Arizona School of Dentistry & Oral Health

The Arizona School of Dentistry and Oral Health (ATSU-ASDOH) is considered one of the most innovative dentistry schools in the United States. The school's mission is devoted to community service and making sure that the underserved members of the population get the dental services they deserve. To further that end, the school requires that its students are fully aware that it is their responsibility to represent the school with honor via impeccable conduct.

If a student at the school becomes entangled in a situation where their record becomes tarnished via academic misconduct or by other means, they put the school's reputation at risk, not to mention the impact it will have on their own reputation. If you're facing allegations of misconduct or other issues that could put your academic career at risk, you want to make sure that you have an attorney-advisor on your side who can help defend you with the most vigorous defense possible.

Core Values Expected of Students

The school has a set of core values that it expects all of its students, staff, and administrators to abide by. They're expected to follow the Code of Academic Conduct and the Code of Behavioral Standards. Some of the standards in these codes include the following:

  • Maintaining a respectful and collegial school environment
  • A commitment to diversity and inclusion
  • Commitment to public health principles and practice
  • A commitment to caring for the school's social mission
  • A commitment to ensuring that the student will behave in a way that is ethically, academically, and morally respectful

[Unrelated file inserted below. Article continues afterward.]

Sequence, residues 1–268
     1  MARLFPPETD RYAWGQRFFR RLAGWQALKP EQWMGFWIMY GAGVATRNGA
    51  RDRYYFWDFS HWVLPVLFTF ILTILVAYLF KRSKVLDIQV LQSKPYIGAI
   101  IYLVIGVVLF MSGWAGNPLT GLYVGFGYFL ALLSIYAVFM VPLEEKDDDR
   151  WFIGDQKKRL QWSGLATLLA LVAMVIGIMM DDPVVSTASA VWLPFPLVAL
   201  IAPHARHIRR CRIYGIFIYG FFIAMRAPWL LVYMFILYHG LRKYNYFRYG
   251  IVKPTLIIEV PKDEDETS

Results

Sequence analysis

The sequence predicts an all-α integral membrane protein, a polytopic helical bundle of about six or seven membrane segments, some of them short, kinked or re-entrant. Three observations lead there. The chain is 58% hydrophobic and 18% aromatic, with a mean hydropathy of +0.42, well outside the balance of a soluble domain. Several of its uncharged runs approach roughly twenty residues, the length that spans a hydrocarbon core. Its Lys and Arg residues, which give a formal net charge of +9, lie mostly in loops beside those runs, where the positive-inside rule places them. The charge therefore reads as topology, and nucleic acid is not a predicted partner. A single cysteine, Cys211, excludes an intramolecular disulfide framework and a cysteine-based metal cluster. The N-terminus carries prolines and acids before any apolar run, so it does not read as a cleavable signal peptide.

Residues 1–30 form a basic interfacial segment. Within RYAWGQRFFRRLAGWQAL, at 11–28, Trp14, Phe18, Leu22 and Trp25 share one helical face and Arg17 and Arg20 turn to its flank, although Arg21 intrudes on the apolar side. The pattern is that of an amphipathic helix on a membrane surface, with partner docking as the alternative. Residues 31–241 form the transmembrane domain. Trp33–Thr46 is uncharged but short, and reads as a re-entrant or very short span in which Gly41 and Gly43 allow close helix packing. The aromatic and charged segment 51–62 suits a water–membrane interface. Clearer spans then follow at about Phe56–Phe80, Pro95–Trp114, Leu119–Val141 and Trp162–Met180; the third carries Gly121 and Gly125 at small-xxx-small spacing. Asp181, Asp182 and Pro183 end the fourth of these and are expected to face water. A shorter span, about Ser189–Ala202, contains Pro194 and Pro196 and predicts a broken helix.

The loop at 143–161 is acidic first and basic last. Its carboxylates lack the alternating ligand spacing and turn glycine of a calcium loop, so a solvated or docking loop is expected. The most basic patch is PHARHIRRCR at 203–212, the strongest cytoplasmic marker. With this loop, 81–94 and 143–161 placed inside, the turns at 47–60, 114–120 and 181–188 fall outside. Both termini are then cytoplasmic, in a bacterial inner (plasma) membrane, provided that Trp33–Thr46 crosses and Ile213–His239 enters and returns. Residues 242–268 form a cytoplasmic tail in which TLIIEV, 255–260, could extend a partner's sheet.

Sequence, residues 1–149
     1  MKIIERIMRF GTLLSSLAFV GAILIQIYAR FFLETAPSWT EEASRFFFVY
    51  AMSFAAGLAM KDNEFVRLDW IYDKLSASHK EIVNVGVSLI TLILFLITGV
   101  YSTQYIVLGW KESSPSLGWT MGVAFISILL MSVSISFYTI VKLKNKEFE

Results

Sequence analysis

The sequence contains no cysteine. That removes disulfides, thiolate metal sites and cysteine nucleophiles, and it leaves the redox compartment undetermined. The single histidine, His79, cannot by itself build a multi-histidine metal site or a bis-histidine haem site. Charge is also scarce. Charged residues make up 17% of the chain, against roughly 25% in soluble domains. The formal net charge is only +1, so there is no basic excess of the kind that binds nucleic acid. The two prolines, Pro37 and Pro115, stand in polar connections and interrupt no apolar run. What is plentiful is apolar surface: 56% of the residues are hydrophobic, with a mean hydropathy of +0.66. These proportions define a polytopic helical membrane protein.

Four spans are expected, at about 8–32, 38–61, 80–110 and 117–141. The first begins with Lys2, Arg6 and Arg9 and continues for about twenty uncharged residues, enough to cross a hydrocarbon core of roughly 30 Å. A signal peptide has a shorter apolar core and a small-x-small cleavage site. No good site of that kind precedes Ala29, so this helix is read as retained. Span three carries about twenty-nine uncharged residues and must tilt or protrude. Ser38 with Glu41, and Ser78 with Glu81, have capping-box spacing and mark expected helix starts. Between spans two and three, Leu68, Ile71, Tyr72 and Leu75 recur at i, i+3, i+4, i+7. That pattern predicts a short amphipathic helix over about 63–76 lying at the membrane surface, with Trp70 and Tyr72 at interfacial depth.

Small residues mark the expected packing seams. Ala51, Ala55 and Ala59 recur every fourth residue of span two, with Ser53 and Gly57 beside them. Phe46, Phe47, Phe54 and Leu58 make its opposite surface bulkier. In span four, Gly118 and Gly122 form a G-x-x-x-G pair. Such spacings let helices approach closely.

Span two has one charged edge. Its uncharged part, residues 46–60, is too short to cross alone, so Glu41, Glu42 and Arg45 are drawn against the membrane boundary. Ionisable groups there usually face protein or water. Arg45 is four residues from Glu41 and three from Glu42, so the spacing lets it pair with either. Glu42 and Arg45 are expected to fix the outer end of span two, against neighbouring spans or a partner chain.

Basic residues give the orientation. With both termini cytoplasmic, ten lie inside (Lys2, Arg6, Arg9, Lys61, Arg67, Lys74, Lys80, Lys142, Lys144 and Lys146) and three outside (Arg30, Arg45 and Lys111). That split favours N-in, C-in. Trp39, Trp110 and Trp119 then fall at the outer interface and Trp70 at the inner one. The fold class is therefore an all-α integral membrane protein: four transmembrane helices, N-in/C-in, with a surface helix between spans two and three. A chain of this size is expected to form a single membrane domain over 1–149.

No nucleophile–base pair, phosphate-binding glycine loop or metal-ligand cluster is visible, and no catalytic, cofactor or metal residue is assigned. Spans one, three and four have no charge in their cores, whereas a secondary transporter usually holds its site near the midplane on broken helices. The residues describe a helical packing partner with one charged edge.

Code of Academic Conduct

The school has a Code of Academic Conduct that it expects all of its students to abide by. The school believes that the students are entering an extremely honorable profession and therefore need to hold themselves up to the highest standards.

Violators of that code will have their cases investigated by the school's Dean or by the designee. Some of the violations considered academic misconduct include the following.

  • Cheating in any way on a test, including collaborating with other students to share answers, collaborating with other students without getting the instructor's permission, failing to properly cite their work and taking credit for another person's work, submitting someone else's work as your own, and many other examples.
  • Failing to appear before the University if they've been called to give testimony about misconduct cases. It's also considered academic misconduct if they give false evidence or testimony during these cases.
  • Misrepresenting themselves in order to gain admission into the University or to advance during their careers. They could also get into trouble if they help someone else do this.
  • Misusing the University's tech or networking resources and they can get into serious trouble if they misuse the University's confidential materials. Confidential materials can include tests that have been given out yet, assignments that have already been given to other classes but not to an upcoming class, or any other type of similar misconduct.

Failure to abide by the Code of Academic Conduct and or the Code of Behavioral Standards can result in sanctions. Some of those sanctions include the following:


A reprimand is a letter issued to the student for misconduct that is considered relatively minor. Any faculty member can issue a reprimand through their department chairperson or an administrator.


Disciplinary probation is a written warning that lasts up to a year and is given when a student's behavior has been considered misconduct. It's a warning that more serious action will be taken if the misconduct continues.